March 26, 2014 | 09:42 AM
"The Legend of the Reno Brothers" — the first accurate telling of the story of Indiana's Reno Brothers Gang, according to the film's makers — is now available to the public.
"I think we kind of captured it for the most part," producer Morgan Raque of Corydon said.
Previous efforts included Elvis Presley starring as "Honest" Clint Reno in the 1956 movie "Love Me Tender," but none captured the true exploits of the gang of brothers from Jackson County.
The poster for "The Legend of the Reno Brothers" notes that the Reno Brothers Gang, which originated in Jackson County, despite not being as well-known, came before Jesse James, Billy the Kid and Tombstone.
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Although the Renos are most known for committing the first peacetime train robbery, at Seymour right after the Civil War, their influence extended much farther, eventually forming a criminal network more than 100 strong that essentially was the start of organized crime.
"Anything that was within a 700-mile radius was laid at their doorstep," Raque said.
That included counterfeiting and illegal land, livestock and real estate operations. In their big robbery, they stole close to $1 million.
"Everything the James Gang, Cole and Younger gangs did, they learned from the Renos," historian Loren Noblitt told Anthony Susnick of Louisville, who worked on the project for more than a decade.
Raque, whose MB Production Services puts on the re-enactment of Gen. John Hunt Morgan's raid through Corydon and furnishes costumes and other items for period films, became involved in the project around 2010 after meeting with Susnick.
"It went from a 15-minute film to an hour and a half," Raque said, noting filming began in 2011 and concluded in August 2013.
The film — which covers the Reno Gang from its beginnings in Jackson County to the hanging of Frank, William and Simeon Reno and another member, Charlie Anderson, by vigilantes at New Albany, as well as the international incident the hanging caused — mixes re-enactments with several interviews.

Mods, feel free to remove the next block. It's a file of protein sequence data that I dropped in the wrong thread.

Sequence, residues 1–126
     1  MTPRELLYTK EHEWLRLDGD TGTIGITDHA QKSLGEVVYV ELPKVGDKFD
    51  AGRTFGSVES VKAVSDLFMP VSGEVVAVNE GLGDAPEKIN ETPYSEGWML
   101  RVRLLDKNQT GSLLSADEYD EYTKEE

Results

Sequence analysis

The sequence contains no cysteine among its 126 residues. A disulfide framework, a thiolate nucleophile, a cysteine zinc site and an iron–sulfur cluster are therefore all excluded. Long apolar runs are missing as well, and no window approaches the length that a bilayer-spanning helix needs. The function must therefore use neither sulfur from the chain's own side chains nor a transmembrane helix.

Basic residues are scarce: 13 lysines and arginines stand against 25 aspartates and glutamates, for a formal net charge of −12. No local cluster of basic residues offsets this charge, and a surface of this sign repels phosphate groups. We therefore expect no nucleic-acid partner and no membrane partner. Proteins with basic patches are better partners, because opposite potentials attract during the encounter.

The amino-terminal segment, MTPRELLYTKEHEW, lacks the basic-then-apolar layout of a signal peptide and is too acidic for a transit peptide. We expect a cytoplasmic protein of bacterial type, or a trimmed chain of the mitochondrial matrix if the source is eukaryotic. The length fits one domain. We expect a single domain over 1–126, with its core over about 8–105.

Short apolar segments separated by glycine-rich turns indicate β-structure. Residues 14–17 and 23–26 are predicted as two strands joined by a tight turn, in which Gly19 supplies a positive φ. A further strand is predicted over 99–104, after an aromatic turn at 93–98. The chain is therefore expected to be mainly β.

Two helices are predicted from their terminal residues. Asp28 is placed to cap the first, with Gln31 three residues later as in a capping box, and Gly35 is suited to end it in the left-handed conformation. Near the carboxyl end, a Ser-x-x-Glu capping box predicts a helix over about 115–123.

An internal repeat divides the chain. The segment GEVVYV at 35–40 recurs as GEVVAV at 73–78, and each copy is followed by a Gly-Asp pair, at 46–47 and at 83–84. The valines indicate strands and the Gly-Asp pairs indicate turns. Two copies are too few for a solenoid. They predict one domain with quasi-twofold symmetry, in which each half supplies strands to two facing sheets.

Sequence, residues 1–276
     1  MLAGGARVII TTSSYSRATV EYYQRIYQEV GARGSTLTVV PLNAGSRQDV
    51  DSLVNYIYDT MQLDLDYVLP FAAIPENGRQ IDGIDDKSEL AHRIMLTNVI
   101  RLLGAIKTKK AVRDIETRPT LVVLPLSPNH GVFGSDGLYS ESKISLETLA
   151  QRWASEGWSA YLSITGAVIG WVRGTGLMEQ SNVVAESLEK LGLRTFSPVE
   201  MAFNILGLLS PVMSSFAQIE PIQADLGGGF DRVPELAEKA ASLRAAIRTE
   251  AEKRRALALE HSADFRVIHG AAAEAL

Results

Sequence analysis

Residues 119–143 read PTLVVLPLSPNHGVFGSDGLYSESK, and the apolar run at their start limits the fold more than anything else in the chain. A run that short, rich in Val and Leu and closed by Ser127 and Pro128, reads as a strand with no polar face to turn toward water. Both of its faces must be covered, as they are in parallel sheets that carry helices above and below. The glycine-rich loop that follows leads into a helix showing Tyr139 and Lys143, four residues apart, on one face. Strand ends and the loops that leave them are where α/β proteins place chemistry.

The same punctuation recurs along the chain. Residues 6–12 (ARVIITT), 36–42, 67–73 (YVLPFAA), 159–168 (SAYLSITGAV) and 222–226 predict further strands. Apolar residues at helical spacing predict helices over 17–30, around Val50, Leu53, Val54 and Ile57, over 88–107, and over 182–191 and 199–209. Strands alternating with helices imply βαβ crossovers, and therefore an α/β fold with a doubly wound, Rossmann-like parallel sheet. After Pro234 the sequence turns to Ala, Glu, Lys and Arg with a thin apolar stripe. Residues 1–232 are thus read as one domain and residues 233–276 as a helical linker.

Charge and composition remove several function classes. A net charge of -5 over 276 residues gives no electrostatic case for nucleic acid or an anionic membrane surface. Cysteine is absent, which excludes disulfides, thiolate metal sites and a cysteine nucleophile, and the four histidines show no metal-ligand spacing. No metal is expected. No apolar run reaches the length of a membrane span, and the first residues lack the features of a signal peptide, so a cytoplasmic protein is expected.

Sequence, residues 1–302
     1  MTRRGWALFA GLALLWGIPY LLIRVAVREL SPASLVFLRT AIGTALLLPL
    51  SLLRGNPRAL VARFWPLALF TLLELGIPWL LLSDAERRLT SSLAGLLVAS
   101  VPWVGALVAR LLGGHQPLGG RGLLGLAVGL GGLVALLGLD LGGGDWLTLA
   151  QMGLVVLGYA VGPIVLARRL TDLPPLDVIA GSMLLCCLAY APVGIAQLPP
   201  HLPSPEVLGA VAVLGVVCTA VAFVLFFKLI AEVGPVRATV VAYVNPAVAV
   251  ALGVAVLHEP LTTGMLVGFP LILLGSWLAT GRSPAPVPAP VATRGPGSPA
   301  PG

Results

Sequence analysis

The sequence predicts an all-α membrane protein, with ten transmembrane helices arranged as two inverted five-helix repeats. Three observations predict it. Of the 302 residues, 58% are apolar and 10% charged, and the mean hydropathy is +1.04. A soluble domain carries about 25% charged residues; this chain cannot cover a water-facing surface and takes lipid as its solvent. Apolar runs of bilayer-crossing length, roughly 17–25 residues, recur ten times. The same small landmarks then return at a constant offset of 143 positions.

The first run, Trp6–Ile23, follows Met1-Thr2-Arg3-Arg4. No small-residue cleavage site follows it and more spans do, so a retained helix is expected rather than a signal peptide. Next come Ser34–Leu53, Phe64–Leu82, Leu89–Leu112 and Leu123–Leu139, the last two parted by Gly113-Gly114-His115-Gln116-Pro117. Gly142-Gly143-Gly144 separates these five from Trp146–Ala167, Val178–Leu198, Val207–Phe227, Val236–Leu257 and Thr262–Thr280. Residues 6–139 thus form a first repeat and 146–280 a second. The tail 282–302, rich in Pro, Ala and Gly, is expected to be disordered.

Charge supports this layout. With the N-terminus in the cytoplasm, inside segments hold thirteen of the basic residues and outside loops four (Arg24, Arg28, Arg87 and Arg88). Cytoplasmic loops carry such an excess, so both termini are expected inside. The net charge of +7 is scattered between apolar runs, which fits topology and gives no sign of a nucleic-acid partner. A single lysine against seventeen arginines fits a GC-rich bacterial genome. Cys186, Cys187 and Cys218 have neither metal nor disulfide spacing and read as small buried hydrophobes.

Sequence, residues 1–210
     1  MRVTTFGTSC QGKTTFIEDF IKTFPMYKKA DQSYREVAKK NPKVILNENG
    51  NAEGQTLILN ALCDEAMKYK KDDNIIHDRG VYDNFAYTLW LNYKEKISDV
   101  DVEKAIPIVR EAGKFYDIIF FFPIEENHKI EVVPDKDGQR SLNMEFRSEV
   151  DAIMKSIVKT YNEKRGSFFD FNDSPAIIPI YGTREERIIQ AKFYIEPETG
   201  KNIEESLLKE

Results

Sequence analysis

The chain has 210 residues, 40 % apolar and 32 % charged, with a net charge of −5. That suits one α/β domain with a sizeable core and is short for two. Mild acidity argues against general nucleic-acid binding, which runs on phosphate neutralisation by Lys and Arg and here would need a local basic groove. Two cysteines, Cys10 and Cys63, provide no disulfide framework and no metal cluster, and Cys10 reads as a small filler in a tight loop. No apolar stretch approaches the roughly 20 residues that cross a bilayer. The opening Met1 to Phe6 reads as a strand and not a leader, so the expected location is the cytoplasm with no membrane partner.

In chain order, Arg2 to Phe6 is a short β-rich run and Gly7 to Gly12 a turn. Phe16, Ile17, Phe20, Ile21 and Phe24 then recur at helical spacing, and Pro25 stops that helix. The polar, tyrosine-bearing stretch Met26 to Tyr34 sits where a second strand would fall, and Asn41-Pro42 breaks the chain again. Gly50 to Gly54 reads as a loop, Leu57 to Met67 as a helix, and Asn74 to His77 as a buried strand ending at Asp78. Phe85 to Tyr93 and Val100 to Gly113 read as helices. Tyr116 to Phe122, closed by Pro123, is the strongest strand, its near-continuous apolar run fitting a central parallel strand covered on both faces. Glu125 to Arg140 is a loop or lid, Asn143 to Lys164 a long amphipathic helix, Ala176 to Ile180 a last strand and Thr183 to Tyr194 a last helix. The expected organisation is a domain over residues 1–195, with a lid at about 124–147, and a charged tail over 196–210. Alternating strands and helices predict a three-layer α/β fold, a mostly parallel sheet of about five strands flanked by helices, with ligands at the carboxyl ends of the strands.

As producer, Raque was responsible for "making sure that everything's ready to shoot." That not only included securing the location, but making sure the necessary props arrived on time and there was plenty of food for the actors and other crew members.
For a period piece like this, it also meant making sure that any anachronisms, like telephone lines and automobiles, were not in view of the camera.
Most of the film was shot with one camera, operated by Susnick, the film's director and writer, and each scene required multiple takes from various angles.
"At least three takes on every scene," Raque said.
Much of the movie was filmed locally — at the Lonnie Bottles property in Milltown and the Les and Donna Smith property in Laconia — as the topography was authentic to the story. Raque noted that another Reno Brothers movie, 1955's "Rage at Dawn," was filmed in California, clearly evident to anyone familiar with the Southern Indiana landscape.
Raque added that he also is pleased that the film features several locals, including his son, Mark, who played gang leader Frank. Others include Bottles, Shane Jones, Les Smith, Chris Maples, Aaron Cash, Keith Bolea, Billy White, Trish Jones and her children, Robbie Brown, Betty Brown Pierson, Rob Erwin, Joe and John Sears, Andrew Morton and Allie Fleitz.
Raque, who also helped Susnick with the dialogue, even got some screen time, portraying the Reno brothers' father, Wilkinson.
This wasn't the first time that he has appeared in front of the camera. Raque, who early in his career served as a specialty rider (in between a stuntman and an extra), later was cast as a member of the militia in "The Patriot" starring Mel Gibson.
"Some of my best shots are of my shoulders," the tall Raque joked, adding his nickname on the set was "High Tower."
Raque said the film, which relied on the book "Anarchy in the Heartland: The Reno Gang Saga" by A. David Distler, who served as executive producer, is important not only because it brings attention to a piece of history that has been overshadowed by the exploits of more well-known outlaws, like the James Gang, but does so as accurately as possible.
"It's kind of nice to do something in your own backyard," Raque said.
"The Legend of the Reno Brothers" is available for purchase locally at the Blaine H. Wiseman Visitor Center and The Emporium Mall, both in downtown Corydon, Amazon.com and on eBay.